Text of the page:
Review of Batman #126

Batman #126 review

There’s no denying Chip Zdarsky’s version of Batman is darker in mood and tone. The dude is downright morose, and that’s even more apparent with Batman#126 is out today. He’s also out of sorts as far as being prepared for anything, as Failsafe proves. Does this Batman have the ability to control the situation? These are the kinds of questions that you may be thinking about.

You’ll also be thinking about how cool Jorge Jimnez’s art is as Failsafe pushes Batman and his Bat-family more than ever. As Failsafe defeats Batman in seconds, the action picks up almost immediately. He also surprises Batman. Soon Robin, Batgirl, and more of Batman’s friends show up and are handily beaten. Jimenez does an excellent job capturing both the speed of the robot and the unrelenting violence that it inflicts on these characters. It’s honestly unnerving seeing how badly they’re beaten.

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Enough can’t be said about Jimenez’s use of textures, too. This world is closer to reality than many comics, thanks to Tomeu Morey’s colors. These textures add depth to the book and lift up elements.

This issue’s exciting role is due to Zdarsky’s well-drawn artwork, but also because Zdarsky frames them with a key caption. At the start, Batman is brooding through captions, reflecting on how they enact justice and bring good to the world more than he could have ever dreamed – because he has no dreams. It’s a dark angle on the Bat-family idea showing how Batman appreciates what they do but feels separated from their abilities on some scale due to his bleak mood and outlook.

This is further cemented when later in the issue, Batman says via caption, “I’ve softened. Surrounded myself with children.” That’s cold, even for Batman.

DC Preview: Batman #126

Failsafe hits some brutal notes
Credit: DC Comics

It’s a decidedly different take on the character who has in recent years warmed to being a father figure and aiding the younger heroes any way he can. You will see Zdarsky appears to be trying to separate Batman from other heroes in order to further isolate him. Considering his mental state on the final page, that’s going to be exciting to watch unfold as the series continues.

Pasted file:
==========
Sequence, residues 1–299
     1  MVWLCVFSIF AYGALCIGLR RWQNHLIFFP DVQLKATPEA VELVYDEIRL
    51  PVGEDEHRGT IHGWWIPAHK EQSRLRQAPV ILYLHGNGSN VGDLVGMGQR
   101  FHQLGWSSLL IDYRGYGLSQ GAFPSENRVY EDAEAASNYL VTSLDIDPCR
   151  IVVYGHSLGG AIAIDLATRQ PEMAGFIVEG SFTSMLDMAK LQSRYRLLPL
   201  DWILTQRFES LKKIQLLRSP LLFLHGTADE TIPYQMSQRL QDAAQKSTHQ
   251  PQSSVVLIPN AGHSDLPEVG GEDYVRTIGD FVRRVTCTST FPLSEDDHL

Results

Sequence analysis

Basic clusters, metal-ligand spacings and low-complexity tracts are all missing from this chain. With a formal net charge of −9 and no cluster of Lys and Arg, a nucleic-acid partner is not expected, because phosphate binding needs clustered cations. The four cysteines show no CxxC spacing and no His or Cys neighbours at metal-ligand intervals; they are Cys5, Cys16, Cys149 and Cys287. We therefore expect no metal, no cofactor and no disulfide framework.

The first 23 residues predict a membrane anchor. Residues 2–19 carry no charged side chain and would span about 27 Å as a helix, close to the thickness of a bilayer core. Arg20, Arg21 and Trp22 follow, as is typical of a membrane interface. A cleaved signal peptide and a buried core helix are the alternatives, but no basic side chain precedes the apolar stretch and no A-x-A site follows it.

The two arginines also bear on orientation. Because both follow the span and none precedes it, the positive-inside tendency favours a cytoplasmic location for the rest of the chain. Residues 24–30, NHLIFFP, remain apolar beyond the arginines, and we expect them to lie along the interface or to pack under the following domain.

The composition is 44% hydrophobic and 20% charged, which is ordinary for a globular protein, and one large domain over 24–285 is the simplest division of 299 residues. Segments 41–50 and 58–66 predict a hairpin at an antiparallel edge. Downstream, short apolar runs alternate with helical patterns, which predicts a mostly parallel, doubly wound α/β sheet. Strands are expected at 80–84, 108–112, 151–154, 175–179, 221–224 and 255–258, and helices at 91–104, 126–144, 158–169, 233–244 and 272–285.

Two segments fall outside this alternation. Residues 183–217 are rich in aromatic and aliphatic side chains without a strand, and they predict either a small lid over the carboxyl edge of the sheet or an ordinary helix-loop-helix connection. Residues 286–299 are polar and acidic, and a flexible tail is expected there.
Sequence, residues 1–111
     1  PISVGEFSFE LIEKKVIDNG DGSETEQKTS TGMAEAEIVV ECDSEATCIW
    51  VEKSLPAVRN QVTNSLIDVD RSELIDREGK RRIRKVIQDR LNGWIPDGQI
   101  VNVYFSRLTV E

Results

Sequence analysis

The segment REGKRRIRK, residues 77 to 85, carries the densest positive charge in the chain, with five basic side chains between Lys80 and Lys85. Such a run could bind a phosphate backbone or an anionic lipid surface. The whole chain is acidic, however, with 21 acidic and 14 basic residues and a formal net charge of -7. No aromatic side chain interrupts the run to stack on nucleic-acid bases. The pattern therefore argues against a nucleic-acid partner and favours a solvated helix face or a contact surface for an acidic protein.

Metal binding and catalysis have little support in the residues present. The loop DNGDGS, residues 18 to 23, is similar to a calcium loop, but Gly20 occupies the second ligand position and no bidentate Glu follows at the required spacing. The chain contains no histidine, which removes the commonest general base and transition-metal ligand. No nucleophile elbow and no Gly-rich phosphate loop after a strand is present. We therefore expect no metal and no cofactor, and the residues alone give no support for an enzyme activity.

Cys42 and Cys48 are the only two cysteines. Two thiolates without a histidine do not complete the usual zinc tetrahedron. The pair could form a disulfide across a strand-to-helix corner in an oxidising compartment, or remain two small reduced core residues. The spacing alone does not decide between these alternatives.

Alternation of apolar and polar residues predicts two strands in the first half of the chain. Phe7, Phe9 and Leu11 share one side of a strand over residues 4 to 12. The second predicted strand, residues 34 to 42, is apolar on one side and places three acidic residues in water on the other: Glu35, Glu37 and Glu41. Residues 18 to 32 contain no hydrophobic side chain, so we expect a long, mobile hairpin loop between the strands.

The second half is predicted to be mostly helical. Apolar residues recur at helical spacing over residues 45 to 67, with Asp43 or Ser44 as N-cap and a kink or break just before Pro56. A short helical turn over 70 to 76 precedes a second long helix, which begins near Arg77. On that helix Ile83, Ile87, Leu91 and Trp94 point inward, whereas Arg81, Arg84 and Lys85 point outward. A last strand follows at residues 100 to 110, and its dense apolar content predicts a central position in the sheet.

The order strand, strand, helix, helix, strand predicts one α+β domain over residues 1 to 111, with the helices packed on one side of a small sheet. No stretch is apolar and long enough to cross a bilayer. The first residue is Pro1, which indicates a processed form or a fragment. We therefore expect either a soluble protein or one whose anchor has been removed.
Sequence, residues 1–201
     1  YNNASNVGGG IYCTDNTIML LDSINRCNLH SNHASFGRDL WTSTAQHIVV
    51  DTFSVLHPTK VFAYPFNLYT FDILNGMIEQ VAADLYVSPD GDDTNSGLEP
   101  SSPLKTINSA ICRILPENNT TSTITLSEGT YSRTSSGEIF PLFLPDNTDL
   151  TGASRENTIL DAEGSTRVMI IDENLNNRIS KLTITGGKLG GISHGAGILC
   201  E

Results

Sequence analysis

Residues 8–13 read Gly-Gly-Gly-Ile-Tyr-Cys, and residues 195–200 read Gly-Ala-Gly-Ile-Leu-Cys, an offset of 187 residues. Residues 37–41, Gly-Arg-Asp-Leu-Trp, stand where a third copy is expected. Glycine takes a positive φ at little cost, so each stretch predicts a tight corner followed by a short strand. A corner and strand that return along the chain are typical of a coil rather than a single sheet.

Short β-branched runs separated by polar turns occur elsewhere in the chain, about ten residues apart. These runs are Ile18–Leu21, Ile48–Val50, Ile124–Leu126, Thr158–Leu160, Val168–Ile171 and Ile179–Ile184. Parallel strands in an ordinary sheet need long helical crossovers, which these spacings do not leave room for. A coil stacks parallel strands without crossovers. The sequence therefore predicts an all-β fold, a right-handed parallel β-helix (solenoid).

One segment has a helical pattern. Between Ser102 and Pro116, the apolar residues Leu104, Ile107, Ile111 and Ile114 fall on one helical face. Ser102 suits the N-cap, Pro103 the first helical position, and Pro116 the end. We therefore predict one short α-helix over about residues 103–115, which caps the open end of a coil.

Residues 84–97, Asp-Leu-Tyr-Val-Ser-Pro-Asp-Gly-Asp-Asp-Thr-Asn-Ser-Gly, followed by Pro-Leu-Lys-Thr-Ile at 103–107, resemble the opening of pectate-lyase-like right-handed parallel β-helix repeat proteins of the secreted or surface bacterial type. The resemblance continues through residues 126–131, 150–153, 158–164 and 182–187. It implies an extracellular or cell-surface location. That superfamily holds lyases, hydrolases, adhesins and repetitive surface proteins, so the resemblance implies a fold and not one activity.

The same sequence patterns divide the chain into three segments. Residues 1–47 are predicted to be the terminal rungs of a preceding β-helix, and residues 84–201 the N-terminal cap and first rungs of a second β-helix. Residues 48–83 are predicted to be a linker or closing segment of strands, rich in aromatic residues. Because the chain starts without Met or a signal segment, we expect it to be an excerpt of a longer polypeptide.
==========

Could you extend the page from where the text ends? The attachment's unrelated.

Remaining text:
It’s through these captions and subtle hints at Batman’s psyche that the issue works. Much of the plot involves Failsafe–a villain we barely know–beating up the heroes. It’s not very complex, but thanks to the subtle character work, you feel satisfied by the end.

There’s also a backup, continuing Catwoman’s mission to help the Executor with Penguin’s will. She’s trying to find Penguin’s children, but they seem to be dying off. There’s a noir aspect that the story takes, creating a sense of mystery and defeat at every turn. Written by Zdarsky with art by Belén Ortega, the story flows nicely and draws you in. The story has a bright look thanks to Luis Guerrero’s colors, making it a little less noir though it matches the cartoony art style by Ortega. Throw in an interesting wrinkle that Penguin isn’t giving anything to his kids’ mothers, and you have an intriguing mission for Catwoman to see through.

For many years BatmanAs a series, it has assumed different identities and felt more like an ensemble. Batman#126 continues with the solo feel of the last issue. It’s funny to write that with most of Batman’s Bat-family showing up, but the captions don’t lie as Bruce Wayne is wrestling with dark thoughts and a growing need for isolation. Given the cliffhanger, Batman is on a darker path that’s exciting to see unfold.

'Batman' #126 sets Bruce Wayne on a darker, twisted path

‘Batman’ #126 sets Bruce Wayne on a darker, twisted path

Batman #126

For years Batman as a series has taken on different identities and even felt like an ensemble, but Batman #126 builds on the solo feel from last issue. Although it’s fun to see most of Batman’s Bat family show up, the captions aren’t accurate as Bruce Wayne is struggling with dark thoughts and a need for isolation. This cliffhanger indicates that Batman is on an even darker path, which is exciting to see unfold.

Continues to focus on Batman’s dark thoughts and isolating thoughts

The action captures both speed and brutality very well

Backup pulls you into the noir mystery

The action is mostly long with the captions adding complexity.

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